The Girl Everyone Else Sees

…is not me.  Or at least, I don’t think it’s me.

To be honest, I’m not used to this…intensity.  It’s hard for me to believe that I can be a role model or a ‘model’ student when what I’ve been told in the past states otherwise.  Maybe I’m trying too hard to be humble, or maybe I just don’t see it.  Either way, I’ve never expected myself to be considered a person that my juniors should be looking up to, especially because I have no idea how I managed to do something of the sort in the first place.

But when I look back, I realised that I have become the person I had wanted to be back then.  When I was seven, I wanted to be the same girl, but from ten years later.  In other words, seventeen year old me.  Ten years later, I still want to be the same girl but from ten years later, twenty-seven year old me.  I know that sometimes, we just have to keep chasing because at the end of the day, the person who we want to be will never stop growing and we’ll just have to keep going to become that person…if that makes any sense.  Let me put it this way: when I was seven, my grades were as abysmal as my position on the school’s social hierarchy, and I was basically told that I’d be a failure in every aspect of life by my teachers.  Although I had pretty much lost all confidence in myself then, I still aspired to become a better person — with good grades, good dreams and a better reputation — ten years later.  Now it’s ten years later, and I do have better grades, I do have better dreams, and I do have a better reputation.  It’s not that I don’t have enough, but I don’t really know what to make of it.  It’s such a new concept to me, to be a ‘good person’ in other people’s eyes and to be praised for it.

For instance, I apparently did pretty well for my English mock exams.  Word on the street is that I was the top in my grade and whatnot, and that makes me happy because I’ve never done that before.  But frankly, I had no idea how I managed to get such a score of 24/25 for a Literature essay.  It’s technically not something you can study extensively other than knowing quotes and the social contexts that make the texts relevant and accessible, but the questions are always disclosed during the exam and not beforehand.  Thus, sometimes merely knowing the quotes and the themes isn’t enough to do well, because it’s a matter of whether or not your knowledge can answer the question.  With this in mind, I struggled choosing the right question, and I got stuck halfway through writing the essay.  I didn’t really have time to proofread it afterwards, so I handed in what I got.  So how did I do it, everybody asked.  I had no idea at all.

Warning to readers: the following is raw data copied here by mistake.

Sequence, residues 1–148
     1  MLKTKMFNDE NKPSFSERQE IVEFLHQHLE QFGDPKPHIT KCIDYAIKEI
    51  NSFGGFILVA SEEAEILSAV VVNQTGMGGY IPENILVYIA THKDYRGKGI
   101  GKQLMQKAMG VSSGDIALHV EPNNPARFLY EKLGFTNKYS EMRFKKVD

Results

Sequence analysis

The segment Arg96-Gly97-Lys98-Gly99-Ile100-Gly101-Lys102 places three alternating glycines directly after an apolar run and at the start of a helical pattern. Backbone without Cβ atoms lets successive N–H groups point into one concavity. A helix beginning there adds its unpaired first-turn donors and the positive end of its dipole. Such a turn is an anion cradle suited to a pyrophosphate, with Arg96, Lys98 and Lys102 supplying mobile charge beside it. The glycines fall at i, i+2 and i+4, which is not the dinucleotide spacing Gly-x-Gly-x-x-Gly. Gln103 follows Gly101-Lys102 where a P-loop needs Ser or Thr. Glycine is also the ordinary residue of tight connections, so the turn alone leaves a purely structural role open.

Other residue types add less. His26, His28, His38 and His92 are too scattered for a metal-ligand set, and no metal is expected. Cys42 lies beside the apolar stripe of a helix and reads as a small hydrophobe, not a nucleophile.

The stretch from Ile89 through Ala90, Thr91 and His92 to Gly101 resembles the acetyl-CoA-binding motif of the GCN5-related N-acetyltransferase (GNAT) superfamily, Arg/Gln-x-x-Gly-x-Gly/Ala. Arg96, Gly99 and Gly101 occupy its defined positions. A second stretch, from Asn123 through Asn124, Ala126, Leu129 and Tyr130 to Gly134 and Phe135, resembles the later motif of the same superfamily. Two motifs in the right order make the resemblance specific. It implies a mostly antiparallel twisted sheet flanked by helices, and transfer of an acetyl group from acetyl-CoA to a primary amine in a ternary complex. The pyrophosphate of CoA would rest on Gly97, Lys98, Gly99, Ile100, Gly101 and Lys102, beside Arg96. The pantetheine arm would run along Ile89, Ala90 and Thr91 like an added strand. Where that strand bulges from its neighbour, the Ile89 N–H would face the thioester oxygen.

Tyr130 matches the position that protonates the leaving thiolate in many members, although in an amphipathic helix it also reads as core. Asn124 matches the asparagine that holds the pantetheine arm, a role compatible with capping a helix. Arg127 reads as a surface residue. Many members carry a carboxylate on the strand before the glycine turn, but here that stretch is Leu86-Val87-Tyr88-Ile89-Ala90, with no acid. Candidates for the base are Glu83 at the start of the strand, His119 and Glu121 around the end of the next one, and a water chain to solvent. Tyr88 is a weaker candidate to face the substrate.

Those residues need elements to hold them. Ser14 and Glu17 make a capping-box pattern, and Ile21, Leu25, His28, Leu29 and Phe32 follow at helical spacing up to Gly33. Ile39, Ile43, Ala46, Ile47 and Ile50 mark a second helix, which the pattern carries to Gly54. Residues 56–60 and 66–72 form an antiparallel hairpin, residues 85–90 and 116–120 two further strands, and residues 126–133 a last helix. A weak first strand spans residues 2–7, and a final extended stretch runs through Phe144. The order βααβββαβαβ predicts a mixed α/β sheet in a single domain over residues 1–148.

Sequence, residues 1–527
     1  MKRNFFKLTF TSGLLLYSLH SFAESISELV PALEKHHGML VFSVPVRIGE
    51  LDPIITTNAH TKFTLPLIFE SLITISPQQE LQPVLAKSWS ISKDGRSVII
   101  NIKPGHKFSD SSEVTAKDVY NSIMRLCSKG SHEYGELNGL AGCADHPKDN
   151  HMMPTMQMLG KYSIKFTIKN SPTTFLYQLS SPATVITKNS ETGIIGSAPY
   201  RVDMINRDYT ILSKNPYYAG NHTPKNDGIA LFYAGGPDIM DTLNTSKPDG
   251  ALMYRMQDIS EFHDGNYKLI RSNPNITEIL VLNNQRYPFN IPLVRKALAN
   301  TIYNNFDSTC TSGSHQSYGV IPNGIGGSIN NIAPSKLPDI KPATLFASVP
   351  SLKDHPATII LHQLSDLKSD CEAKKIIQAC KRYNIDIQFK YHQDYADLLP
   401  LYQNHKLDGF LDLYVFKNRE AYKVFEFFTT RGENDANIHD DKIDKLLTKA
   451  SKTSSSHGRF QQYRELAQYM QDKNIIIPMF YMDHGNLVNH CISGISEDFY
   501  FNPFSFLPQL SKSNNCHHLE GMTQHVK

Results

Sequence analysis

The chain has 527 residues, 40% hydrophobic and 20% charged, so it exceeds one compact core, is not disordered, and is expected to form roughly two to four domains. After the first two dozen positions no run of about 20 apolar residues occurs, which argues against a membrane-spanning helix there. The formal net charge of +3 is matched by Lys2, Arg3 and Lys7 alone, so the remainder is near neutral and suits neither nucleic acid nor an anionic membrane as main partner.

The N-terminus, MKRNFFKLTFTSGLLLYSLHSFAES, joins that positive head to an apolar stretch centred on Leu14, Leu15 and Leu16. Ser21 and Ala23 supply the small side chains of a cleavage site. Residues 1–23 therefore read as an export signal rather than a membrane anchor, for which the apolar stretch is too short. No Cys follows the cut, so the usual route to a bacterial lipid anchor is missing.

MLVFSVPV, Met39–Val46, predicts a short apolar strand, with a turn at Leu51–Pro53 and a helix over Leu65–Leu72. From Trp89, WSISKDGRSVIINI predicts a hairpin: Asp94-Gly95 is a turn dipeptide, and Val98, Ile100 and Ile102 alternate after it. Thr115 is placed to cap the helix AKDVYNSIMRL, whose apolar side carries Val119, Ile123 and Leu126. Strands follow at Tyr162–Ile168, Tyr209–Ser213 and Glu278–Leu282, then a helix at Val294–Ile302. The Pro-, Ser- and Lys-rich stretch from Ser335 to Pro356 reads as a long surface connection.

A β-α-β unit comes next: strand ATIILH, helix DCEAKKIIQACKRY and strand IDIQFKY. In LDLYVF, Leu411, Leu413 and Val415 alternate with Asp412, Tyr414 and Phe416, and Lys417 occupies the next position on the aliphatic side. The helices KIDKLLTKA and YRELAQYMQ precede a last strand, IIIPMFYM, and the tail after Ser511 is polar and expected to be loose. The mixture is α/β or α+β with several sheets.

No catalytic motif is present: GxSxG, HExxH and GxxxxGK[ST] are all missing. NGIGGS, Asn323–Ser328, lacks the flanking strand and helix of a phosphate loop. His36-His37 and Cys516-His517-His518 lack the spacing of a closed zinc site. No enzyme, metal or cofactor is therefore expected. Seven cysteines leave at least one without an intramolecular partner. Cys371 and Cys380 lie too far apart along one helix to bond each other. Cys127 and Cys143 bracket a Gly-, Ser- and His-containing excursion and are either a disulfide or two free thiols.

Meanwhile, several teachers and juniors have always said that I’m a ‘talented’ public speaker because I’m seemingly able to just grab a microphone and speak to a large audience without trepidation, so they say.  They don’t realise that I’m terrified every single time, but that’s besides the point.  What does intrigue me is that they pointed it out.  I had no idea I had this ‘talent.’  I wasn’t even a public speaker back then; I sat in the audience and when given a microphone then, I would stutter and mumble.  It’s just that one day I somehow managed to talk to people because I was comfortable with them…but that’s not something you can teach, is it?  Otherwise, I really don’t know how I did something of the sort.

My point is, it’s hard to convince myself that I’m the girl everybody sees not only because of my past, but also because their comments, while positive, somehow set a benchmark for me.  It forces me to get to the heart of how I do certain things that I never consciously realised I could do, which is daunting because it’s like soul searching — especially when you’re afraid of the answer.  It’s the first time since…really forever…that I have been so…I don’t know, admired by the groups of people who used to disdain me.  I had wanted that forever, and now that I have it it’s overwhelming.  It’s an intensity that I can’t fathom, and I don’t even know how I could’ve possibly reached it under the circumstances.

Anyway, should I start figuring myself out, or should I continue chasing the person I want to be at the age of twenty seven?

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One thought on “The Girl Everyone Else Sees

  1. They’re not mutually exclusive…figuring yourself out and trying to evolve. It’s good to set goals for yourself and aim to improve and be someone different when you’re twenty-seven, because evolution and change is healthy. But at the same time, being proud of who you are here and now, trying to understand the person you’ve become and being proud of all you’ve achieved in the last ten years is great.

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